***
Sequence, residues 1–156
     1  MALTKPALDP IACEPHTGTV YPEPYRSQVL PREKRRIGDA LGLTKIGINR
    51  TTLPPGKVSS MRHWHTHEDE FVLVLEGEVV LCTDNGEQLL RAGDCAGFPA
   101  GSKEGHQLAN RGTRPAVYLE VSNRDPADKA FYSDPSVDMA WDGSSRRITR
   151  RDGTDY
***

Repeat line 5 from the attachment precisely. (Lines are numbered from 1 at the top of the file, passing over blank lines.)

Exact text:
   151  RDGTDY